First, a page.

The first thing that can be learnt from Bukowski and his writings is persistence. His first novel wasn’t published until he was nearly 50. Previous to this, he had had a couple of stories published in his mid-twenties but then found his work rejected every time. It looked like he’d basically given up but in the fifties he started up again and began submitting hundreds and hundreds of stories and poems to different publications. Despite this, it still took years to find success but nothing stopped his commitment to writing. Bear in mind, Bukowski’s personal life was far from rosy, as he passed through tens of jobs, sunk deeper into his alcoholism and three feisty wives. Bukowski’s poem ‘so you wanna be a writer’ is a testament to the reasons behind his commitment.

The next thing is honesty. Bukowski is a candid and at times, painfully honest writer whose first four novels are almost direct parallels with his own personal life, using his literary double Henry Chinaski. The attitudes he gives to his protagonist are basically mirrors of his own and as he discusses in depth his neglectful parents, his apathetic approach to work and his love of prostitutes and lack of respect for women, the real man behind the words is created. In his poetry there are many direct references to particular individuals or groups he hates and by being honest, Bukowski’s narratives are believable and entertaining. Fiction is naturally about creating myths and making stuff up but Bukowski uses the stuff he knows to good effect, creating a wholly different an enjoyable form of literature.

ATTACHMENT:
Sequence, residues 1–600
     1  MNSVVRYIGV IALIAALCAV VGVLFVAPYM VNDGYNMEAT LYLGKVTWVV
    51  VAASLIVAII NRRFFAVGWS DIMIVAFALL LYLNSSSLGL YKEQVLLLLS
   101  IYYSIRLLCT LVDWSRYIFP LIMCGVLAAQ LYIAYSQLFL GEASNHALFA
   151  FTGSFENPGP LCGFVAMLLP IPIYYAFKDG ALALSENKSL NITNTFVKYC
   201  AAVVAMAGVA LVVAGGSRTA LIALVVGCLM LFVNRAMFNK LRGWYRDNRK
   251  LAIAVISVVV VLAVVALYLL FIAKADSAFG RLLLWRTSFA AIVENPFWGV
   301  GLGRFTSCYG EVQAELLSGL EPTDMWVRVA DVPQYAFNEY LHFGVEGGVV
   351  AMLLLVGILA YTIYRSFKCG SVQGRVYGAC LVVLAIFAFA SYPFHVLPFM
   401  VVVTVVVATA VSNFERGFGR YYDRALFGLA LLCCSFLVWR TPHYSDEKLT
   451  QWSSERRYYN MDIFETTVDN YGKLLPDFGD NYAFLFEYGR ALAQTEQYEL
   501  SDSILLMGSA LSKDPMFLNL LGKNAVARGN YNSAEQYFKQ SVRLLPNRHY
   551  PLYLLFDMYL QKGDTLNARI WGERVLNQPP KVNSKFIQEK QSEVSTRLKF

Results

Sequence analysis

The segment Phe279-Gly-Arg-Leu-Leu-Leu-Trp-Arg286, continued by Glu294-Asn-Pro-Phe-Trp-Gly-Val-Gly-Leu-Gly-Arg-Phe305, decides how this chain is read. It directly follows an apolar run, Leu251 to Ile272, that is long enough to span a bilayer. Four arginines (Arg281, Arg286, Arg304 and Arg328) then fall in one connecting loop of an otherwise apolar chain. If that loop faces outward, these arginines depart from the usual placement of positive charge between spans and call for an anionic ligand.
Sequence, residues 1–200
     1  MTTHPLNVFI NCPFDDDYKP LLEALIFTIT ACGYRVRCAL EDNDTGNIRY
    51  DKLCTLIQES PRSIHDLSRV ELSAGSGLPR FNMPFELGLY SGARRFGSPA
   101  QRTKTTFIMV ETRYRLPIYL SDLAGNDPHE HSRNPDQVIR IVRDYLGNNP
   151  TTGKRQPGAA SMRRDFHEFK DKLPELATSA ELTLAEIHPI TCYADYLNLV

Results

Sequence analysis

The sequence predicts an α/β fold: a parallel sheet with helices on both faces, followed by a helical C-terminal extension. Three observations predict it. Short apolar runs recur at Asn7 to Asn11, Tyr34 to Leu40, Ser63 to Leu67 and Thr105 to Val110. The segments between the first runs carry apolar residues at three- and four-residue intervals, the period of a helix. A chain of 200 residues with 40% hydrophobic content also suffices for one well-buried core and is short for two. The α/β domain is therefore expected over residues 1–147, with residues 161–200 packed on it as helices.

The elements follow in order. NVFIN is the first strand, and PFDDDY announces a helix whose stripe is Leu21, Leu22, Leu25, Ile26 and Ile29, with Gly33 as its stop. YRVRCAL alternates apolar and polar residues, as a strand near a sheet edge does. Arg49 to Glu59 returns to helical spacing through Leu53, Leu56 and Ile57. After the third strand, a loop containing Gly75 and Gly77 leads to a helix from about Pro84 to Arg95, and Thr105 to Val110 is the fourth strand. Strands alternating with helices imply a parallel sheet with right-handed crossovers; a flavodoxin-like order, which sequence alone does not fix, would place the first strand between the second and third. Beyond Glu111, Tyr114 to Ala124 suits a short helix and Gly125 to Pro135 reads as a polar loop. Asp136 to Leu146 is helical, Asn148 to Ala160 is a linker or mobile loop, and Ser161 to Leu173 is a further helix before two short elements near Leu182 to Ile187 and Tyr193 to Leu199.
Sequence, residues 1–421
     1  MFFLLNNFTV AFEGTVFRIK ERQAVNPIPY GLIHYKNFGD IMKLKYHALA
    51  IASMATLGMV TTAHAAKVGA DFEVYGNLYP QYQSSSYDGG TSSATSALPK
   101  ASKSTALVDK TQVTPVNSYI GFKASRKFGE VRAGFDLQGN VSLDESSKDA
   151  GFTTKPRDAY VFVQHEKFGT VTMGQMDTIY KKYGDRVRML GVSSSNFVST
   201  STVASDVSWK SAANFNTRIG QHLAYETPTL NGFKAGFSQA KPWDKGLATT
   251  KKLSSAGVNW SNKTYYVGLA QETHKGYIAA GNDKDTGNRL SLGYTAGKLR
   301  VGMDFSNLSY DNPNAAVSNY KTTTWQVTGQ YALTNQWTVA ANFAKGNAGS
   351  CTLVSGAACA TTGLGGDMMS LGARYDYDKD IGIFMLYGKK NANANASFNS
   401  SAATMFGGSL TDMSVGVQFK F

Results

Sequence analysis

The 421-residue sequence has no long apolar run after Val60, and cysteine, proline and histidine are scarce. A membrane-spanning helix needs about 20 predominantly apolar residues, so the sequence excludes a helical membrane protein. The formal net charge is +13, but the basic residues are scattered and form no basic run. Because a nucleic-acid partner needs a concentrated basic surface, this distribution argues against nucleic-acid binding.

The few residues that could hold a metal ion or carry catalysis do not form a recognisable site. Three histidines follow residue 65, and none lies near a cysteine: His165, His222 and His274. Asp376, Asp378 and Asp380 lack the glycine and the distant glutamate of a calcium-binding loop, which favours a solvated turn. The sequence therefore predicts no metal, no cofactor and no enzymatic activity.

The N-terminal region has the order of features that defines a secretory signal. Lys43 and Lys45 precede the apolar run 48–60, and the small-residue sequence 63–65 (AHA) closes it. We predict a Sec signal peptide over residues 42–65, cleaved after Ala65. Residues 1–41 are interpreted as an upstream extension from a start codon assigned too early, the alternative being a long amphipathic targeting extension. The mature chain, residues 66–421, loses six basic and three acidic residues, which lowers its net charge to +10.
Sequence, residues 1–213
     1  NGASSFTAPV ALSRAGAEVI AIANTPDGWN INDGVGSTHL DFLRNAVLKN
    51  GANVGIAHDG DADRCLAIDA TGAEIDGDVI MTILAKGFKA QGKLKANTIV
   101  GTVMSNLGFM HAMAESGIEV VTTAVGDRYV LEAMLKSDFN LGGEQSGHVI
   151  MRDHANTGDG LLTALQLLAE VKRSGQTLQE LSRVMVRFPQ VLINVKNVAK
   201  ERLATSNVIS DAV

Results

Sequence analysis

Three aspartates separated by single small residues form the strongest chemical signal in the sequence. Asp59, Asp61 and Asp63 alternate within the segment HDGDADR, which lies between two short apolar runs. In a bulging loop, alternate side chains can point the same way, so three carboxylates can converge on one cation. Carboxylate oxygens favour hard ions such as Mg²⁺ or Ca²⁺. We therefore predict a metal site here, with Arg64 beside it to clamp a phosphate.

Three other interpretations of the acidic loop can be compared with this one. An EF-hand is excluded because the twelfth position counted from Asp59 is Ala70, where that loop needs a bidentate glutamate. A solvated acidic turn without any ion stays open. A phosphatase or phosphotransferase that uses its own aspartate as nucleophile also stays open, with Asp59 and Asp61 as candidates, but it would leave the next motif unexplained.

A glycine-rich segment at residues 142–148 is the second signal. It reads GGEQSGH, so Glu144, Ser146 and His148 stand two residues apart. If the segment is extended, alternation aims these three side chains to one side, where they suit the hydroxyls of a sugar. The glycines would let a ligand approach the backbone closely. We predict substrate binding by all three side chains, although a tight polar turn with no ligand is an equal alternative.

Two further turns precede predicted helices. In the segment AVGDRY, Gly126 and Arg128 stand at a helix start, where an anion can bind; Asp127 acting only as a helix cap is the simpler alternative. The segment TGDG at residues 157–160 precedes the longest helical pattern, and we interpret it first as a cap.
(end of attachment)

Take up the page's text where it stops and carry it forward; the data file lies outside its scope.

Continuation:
Everyone can also learn from Bukowski’s discipline. Every day he would write, his first novel Post Office (1971) catalogues the endless ten to twelve hour shifts which were then followed by several packs of beer and quarts of whiskey and then, the writing began. This was his routine of sorts throughout the whole of his working life and the discipline allowed him to get to the published state that he did. Before turning to writing he used this discipline to discover and explore his love for literature. Hours spent in the library getting to know the greats and forming his opinions on them. Through this time he was able to shape and find his own voice and it’s the first tip for all writers that to be able to be successful, you must first read voraciously.  Bukowski was never one to sit back and relax in his reading recliner, he worked endlessly to achieve the results he ended up with.

The final area in which Bukowski can be learnt from is by studying what you could call his ‘literary map’. This simply means seeing exactly how Bukowski drew upon influences of others and in turn became an influence, continuing the evolving development of literature. Throughout his work, Bukowski is explicit in his descriptions of his personal influences namely Norwegian Knut Hamsun, of Hunger fame, French author Céline and John Fante, the Italo-American author of Ask the Dust. Fante is probably most influential to Bukowski’s work as he too works in a semi-autobiographical way talking about the same LA areas. The scores of authors since Bukowski whose work shows elements of his style are numerous and although some may have done little more than offend him personally, all are a testament to his literary map.

Charles Bukowski was never integral to the Beat Movement and was very much on its edge but he moved in many of the same circles and knew those involved personally. Despite his many foibles (if that isn’t too weak a word) Bukowski produced a catalogue of work to be admired and an attitude which all can learn from.